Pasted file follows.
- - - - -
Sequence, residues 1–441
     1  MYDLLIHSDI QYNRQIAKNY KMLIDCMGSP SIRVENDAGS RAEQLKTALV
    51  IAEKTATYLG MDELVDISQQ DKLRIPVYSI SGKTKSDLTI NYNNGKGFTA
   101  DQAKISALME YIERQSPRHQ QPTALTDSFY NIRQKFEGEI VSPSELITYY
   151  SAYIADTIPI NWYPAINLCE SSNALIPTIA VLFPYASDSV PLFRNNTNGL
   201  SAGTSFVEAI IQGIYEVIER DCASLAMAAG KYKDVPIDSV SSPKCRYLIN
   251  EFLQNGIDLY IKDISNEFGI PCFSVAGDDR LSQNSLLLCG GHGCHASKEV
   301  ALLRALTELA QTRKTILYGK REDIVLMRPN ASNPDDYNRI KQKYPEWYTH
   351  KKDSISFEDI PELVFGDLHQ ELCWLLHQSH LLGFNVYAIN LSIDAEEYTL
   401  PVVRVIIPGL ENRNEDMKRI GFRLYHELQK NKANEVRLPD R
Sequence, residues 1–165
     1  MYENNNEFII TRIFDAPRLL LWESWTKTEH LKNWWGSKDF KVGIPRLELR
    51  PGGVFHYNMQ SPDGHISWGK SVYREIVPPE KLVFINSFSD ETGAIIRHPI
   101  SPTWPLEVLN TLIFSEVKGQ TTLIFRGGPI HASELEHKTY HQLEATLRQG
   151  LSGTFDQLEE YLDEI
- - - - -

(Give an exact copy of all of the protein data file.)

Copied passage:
Sequence, residues 1–441
     1  MYDLLIHSDI QYNRQIAKNY KMLIDCMGSP SIRVENDAGS RAEQLKTALV
    51  IAEKTATYLG MDELVDISQQ DKLRIPVYSI SGKTKSDLTI NYNNGKGFTA
   101  DQAKISALME YIERQSPRHQ QPTALTDSFY NIRQKFEGEI VSPSELITYY
   151  SAYIADTIPI NWYPAINLCE SSNALIPTIA VLFPYASDSV PLFRNNTNGL
   201  SAGTSFVEAI IQGIYEVIER DCASLAMAAG KYKDVPIDSV SSPKCRYLIN
   251  EFLQNGIDLY IKDISNEFGI PCFSVAGDDR LSQNSLLLCG GHGCHASKEV
   301  ALLRALTELA QTRKTILYGK REDIVLMRPN ASNPDDYNRI KQKYPEWYTH
   351  KKDSISFEDI PELVFGDLHQ ELCWLLHQSH LLGFNVYAIN LSIDAEEYTL
   401  PVVRVIIPGL ENRNEDMKRI GFRLYHELQK NKANEVRLPD R
Sequence, residues 1–165
     1  MYENNNEFII TRIFDAPRLL LWESWTKTEH LKNWWGSKDF KVGIPRLELR
    51  PGGVFHYNMQ SPDGHISWGK SVYREIVPPE KLVFINSFSD ETGAIIRHPI
   101  SPTWPLEVLN TLIFSEVKGQ TTLIFRGGPI HASELEHKTY HQLEATLRQG
   151  LSGTFDQLEE YLDEI